It's not every day you find clues to the planet's inner workings in aquarium scum. But that's what happened a few years ago when University of Washington researchers cultured a tiny organism from the bottom of a Seattle Aquarium tank and found it can digest ammonia, a key environmental function. New results show this minute organism and its brethren play a more central role in the planet's ecology than previously suspected.
The findings, published online September 30 in the journal Nature, show that these microorganisms, members of ancient lineage called archaea, beat out all other marine life in the race for ammonia. Ecologists now assume that ammonia in the upper ocean will first be gobbled up by phytoplankton to make new cells, leaving very little ammonia for microbes to turn into nitrate.
"Our data suggests that it's the other way around," said co-author Willm Martens-Habbena, a UW postdoctoral researcher. "Archaea are capable of stealing the ammonia from other organisms and turning it into nitrate. Then it's the phytoplankton that take up that nitrate once again."
Ammonia is a waste product that can be toxic to animals. But plants, including phytoplankton, prize ammonia as the most energy-efficient way to build new cells.
The new paper also shows that archaea can scavenge nitrogen-containing ammonia in the most barren environments of the deep sea, solving a long-running mystery of how the microorganisms can survive in that environment. Archaea therefore not only play a role, but are central to the planetary nitrogen cycles on which all life depends.
"Bacterial nitrifiers were discovered in the late 19th century. One century later this other group of nitrifiers is discovered that is not a minor population, it turns out to be the major population," said co-author David Stahl, a UW professor with appointments in the departments of civil and environmental engineering and microbiology. "We have to revise our basic understanding of the nitrogen cycle."
In the tree of life, archaea occupy their own branch. Archaea were discovered only about 30 years ago and were first thought to exist only in extreme environments, such as hot springs or hydrothermal vents. They are now known to be more widespread.
In the early 1990s scientists collecting seawater found strands of genetic material that suggested at least 20 percent of the ocean's microbes are archaea, and circumstantial evidence suggested they might live off ammonia. Stahl's group in 2005 was the first to isolate the organism, which they got from a tropical tank in the Seattle Aquarium, and demonstrate that it can, in fact, grow by oxidizing ammonia. His lab and others have since found the organism in many marine environments, including Puget Sound and the North Sea. The microbe is likely ubiquitous on land and in the seas, they say.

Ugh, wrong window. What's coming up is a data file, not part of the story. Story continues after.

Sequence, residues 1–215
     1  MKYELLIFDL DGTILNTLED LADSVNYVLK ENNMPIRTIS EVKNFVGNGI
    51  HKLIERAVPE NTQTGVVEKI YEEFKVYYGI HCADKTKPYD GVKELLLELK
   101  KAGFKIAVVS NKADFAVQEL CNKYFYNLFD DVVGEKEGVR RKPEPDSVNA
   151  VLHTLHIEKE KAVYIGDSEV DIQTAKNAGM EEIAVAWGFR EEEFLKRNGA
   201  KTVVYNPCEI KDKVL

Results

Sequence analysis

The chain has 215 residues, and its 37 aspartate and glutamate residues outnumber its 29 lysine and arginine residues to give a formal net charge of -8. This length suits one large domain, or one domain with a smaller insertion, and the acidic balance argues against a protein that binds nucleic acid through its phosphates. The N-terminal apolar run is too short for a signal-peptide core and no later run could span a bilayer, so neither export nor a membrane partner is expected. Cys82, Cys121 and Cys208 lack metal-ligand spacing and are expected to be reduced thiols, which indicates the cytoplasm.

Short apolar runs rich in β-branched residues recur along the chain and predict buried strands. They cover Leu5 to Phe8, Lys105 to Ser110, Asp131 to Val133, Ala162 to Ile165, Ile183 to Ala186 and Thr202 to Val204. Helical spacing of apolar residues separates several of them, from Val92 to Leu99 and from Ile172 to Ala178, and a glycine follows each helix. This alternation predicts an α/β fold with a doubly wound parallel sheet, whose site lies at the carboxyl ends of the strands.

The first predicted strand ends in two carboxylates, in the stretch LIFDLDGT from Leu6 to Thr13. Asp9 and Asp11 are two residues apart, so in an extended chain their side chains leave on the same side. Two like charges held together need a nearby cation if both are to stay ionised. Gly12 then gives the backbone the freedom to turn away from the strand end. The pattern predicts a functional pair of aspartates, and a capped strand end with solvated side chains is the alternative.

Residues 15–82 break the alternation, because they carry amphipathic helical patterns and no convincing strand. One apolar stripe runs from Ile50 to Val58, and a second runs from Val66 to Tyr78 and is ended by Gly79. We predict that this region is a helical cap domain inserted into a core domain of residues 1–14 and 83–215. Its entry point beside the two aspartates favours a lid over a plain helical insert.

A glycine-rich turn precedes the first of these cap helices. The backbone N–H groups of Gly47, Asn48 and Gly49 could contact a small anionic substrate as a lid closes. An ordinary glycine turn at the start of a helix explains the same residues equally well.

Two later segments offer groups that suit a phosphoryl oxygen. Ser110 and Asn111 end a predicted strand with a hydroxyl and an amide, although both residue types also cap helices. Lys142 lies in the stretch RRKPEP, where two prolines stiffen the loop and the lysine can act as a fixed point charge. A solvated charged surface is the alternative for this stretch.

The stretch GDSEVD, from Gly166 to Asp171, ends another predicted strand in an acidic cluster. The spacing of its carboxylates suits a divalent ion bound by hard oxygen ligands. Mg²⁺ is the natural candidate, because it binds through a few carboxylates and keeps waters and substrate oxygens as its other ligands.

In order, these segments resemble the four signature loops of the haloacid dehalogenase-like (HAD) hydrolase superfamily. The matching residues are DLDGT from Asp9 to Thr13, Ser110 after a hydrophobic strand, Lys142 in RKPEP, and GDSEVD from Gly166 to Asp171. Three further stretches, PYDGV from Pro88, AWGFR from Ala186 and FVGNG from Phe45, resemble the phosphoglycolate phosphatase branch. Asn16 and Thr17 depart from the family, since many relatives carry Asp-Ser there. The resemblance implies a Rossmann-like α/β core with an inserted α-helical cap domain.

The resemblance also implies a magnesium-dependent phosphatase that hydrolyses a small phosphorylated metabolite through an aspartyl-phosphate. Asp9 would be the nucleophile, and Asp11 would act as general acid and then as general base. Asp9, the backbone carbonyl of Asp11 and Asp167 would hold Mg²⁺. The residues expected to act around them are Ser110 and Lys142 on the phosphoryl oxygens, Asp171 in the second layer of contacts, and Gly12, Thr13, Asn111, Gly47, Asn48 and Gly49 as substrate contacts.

The new experiments show that the organism can survive on a mere whiff of ammonia – 10 nanomolar concentration, equivalent to a teaspoon of ammonia salt in 10 million gallons of water. In the deep ocean there is no light and little carbon, so this trace amount of ammonia is the organism's only source of energy.
"What Willm's work has shown is that these archaea can grow at the vanishingly low concentrations of ammonia found in the ocean," Stahl said. "Until we made the measurements, no one thought it would be possible that an organism could live on these trace amounts of ammonia as a primary energy source."
That finding has two important implications for ocean ecosystems. Scientists knew that something was turning ammonia into nitrate in the deep ocean, but could not fathom what organism might be responsible. Now it appears archaea are those mysterious organisms.
And in the sun-dappled upper ocean waters, it appears that archaea can out-compete phytoplankton for ammonia. The same may be true in soil environments, the researchers say.
The archaea in question are small even by the standards of single-celled organisms. At 0.2 micrometers across, about 8 millionths of an inch, the only life forms smaller are viruses. Martens-Habbena speculates that archaea's size could explain how they are able to survive on such a scant energy supply. The strain used in these experiments is named Nitrosopumilus maritimus, which means "tiny ammonia-oxidizer of the sea."
A better understanding of archaea's lifestyle and role in nitrogen cycles not only would rewrite ecology textbooks. It could also have practical applications, such as devising natural ways to boost a soil's nitrogen content without needing to use chemical fertilizers, or designing sewage treatment plants that employ microbes to remove nitrogenous waste more efficiently, or understanding which microbes produce global-warming gases such as nitrous oxide.
The new findings will also affect the equations used in global climate models, researchers say. Computer models use global cycles of nitrogen and other chemicals to estimate how much carbon dioxide the oceans will absorb and ultimately sink to the bottom of the sea. The new findings suggest that most of the nitrate in the surface water comes from recycling of biomass, and not from the deep water as currently assumed.
"Our data suggest that the carbon pump is weaker than currently assumed, so current climate models may overestimate how much carbon can be absorbed by the oceans," Martens Habbena said.
Other co-authors are the UW's Paul Berube, Hidetoshi Urakawa and Jose de la Torre. The research was funded by the National Science Foundation.
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